11. Scott Chambers - President Global Workspace Association

Episode 11 - Scott Chambers

Guest: Scott Chambers, Global Workspace Association & Pacific Workplaces  

Today I chat with Scott Chambers, president of the Global Workspace Association and Chief Operating Officer of Pacific Workplaces which has 15 locations in the Bay Area. Scott has been in the industry for over 23 years and is providing thought leadership as business centers navigate the quickly-changing landscape of shared workspace. Scott and I chat about the history of the industry and how business centers are changing to stay relevant. We also get the scoop on the Alex Hillman/Adam Tetrus road show that GWA is sponsoring called “SMASH the stereotypes on shared workspaces and modern workers.”

Scott is a big sports fan, what is his favorite team or sporting event?  Scott is passionate about Giants baseball, and describes the six month season as a combination of statistics and soap opera. Sports is his outlet, his happy place. Baseball is also something he shares with his teenage daughters. His most memorable sporting event was watching the Giants play in last year’s World Series playoffs, where they would eventually go on to win the World Series.

Tell us a little bit about you both professionally and personally.  Scott works in the Bay Area currently, and lives in East Bay. He wasn’t always in the Bay Area, though. As a child, Scott moved from Portola Valley to a 365 acre ranch on the coast, and went from suburban life to cleaning stalls and milking Pebbles the goat.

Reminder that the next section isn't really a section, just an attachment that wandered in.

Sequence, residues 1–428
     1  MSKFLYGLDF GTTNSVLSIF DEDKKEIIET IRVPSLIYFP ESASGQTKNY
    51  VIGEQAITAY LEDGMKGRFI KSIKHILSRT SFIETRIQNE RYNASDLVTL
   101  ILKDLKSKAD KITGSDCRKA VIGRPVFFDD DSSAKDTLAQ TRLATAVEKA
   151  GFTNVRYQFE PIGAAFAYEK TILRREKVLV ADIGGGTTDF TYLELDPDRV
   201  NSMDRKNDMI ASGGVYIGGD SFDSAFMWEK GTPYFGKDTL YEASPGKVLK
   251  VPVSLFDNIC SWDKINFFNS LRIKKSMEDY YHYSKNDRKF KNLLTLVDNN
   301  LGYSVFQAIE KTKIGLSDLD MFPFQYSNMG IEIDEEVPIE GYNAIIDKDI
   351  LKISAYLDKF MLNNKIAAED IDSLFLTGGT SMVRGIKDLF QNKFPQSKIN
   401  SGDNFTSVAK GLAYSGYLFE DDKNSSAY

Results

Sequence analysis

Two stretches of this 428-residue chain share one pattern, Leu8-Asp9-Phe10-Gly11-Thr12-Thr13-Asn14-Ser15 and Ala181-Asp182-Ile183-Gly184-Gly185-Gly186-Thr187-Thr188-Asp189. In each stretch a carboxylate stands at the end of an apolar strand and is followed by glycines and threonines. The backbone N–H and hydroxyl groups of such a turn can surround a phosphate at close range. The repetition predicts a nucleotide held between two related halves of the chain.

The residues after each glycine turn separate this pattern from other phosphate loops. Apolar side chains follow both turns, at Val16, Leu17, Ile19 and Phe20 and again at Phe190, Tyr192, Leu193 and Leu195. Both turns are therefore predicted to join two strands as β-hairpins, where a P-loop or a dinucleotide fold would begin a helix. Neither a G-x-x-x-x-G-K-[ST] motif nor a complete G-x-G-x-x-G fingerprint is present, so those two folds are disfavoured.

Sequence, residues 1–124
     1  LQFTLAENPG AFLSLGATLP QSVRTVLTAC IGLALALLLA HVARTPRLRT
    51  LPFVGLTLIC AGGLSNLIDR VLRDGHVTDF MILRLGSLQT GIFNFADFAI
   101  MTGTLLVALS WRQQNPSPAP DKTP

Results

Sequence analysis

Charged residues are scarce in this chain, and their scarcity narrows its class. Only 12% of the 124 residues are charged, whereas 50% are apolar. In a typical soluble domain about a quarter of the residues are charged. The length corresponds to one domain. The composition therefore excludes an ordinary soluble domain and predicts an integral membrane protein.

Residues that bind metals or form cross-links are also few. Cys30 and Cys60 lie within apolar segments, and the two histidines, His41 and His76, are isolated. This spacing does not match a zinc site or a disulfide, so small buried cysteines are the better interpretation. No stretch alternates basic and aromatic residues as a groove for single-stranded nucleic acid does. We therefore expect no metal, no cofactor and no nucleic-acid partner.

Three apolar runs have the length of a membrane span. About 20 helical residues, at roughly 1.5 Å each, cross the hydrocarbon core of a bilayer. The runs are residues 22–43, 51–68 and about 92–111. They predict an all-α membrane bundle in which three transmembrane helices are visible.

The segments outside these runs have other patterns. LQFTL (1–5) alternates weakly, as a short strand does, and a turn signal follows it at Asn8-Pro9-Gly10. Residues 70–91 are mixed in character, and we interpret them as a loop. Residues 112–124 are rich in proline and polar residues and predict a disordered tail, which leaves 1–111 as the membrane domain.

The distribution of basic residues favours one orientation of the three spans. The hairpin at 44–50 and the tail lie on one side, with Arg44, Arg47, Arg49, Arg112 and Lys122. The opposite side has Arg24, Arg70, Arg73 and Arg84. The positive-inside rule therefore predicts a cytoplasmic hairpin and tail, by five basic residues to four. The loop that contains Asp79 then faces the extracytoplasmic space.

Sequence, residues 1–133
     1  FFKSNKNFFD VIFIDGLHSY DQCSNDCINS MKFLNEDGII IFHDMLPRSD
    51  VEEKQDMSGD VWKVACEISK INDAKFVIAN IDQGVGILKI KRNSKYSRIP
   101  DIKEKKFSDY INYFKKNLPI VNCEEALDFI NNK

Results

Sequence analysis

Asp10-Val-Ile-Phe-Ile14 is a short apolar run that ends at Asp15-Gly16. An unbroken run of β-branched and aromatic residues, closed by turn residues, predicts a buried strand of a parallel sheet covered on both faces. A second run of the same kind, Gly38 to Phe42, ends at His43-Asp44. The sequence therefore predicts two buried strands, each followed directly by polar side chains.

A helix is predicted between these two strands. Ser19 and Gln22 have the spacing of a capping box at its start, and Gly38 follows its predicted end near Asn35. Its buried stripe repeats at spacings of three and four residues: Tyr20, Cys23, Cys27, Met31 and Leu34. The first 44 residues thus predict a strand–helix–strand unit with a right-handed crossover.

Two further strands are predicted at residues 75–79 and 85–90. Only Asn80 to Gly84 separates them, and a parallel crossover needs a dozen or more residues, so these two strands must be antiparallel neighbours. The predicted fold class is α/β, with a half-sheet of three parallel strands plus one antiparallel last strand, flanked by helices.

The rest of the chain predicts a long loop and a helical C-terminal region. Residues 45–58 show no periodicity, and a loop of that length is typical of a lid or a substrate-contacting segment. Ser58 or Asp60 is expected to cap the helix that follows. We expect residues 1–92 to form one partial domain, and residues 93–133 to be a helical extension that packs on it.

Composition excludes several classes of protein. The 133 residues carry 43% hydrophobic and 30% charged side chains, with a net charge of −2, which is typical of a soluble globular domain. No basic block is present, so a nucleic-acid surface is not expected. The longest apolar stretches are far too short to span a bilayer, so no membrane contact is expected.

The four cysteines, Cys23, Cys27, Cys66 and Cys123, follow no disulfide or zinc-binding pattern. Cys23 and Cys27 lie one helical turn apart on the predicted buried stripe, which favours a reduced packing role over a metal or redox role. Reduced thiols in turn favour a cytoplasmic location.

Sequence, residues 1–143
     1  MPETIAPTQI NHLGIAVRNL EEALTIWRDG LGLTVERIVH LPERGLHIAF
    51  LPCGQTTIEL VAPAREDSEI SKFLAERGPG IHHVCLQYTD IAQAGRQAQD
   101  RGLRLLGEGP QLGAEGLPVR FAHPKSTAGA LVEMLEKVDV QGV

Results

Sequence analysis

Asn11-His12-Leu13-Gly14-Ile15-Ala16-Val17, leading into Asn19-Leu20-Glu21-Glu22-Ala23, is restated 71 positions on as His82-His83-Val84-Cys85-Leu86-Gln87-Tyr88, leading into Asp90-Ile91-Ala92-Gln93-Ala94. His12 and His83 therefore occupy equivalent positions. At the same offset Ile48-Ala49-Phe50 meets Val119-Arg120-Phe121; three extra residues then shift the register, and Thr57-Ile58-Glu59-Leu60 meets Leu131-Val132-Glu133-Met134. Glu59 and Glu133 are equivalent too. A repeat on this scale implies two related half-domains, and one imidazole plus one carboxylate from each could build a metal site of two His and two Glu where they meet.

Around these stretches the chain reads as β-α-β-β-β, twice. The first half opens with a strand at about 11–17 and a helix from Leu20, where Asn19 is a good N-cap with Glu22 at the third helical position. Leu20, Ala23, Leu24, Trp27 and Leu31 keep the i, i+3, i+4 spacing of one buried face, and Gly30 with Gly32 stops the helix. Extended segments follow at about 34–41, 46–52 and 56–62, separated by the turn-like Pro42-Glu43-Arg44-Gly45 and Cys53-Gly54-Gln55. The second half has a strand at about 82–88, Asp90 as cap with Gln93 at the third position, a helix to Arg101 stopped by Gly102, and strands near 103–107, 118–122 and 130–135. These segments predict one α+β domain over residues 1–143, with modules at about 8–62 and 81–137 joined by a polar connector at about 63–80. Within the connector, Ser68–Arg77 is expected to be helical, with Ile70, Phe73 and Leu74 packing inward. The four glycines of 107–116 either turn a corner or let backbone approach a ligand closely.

Tell us a bit about the Global Workspace Association (GWA) and the business center industry.

The Global Workspace Association is the international trade association for the workspace as a service industry. Its roots were in representing office business centers, traditional brick and mortar spaces with subdivided meeting rooms and offices. It is now an industry association in transition. If we look at the workspace as a service industry, the excitement and growth is in coworking. Scott believes that the “grassroots” coworking movement is beginning to mature. Business leaders are bringing a sense of credibility, professionalism, and profitability to the coworking space. The business center world and the coworking world are growing closer together, rather than farther apart. There are quite a few similarities from a business perspective, given that the overall mission is providing a communal, shared working environment.

The business center industry started in the 1960s, and the founding point was sharing a law library. A group of attorneys decided to share a law library, rather than each purchasing their own. It was a way to share expensive infrastructure and technology. Then, people began to think “If attorneys can do this, why not accountants? Why not entrepreneurs?” A lot of growth took place in the 1980s and 1990s in second generation spaces, originally built by law firms and vacated in favor of larger offices. As groups settled in to shared work spaces, there were secondary benefits, such as networking, knowledge sharing, and simple human interaction.